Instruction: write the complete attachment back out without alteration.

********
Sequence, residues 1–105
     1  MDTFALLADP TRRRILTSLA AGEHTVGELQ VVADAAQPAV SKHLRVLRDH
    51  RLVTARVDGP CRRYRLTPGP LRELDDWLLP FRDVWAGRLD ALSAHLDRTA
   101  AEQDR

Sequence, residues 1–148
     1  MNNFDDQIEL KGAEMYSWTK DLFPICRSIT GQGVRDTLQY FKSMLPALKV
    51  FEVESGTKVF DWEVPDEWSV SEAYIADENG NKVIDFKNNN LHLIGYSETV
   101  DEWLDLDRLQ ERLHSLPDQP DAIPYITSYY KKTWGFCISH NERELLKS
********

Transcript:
Sequence, residues 1–105
     1  MDTFALLADP TRRRILTSLA AGEHTVGELQ VVADAAQPAV SKHLRVLRDH
    51  RLVTARVDGP CRRYRLTPGP LRELDDWLLP FRDVWAGRLD ALSAHLDRTA
   101  AEQDR

Sequence, residues 1–148
     1  MNNFDDQIEL KGAEMYSWTK DLFPICRSIT GQGVRDTLQY FKSMLPALKV
    51  FEVESGTKVF DWEVPDEWSV SEAYIADENG NKVIDFKNNN LHLIGYSETV
   101  DEWLDLDRLQ ERLHSLPDQP DAIPYITSYY KKTWGFCISH NERELLKS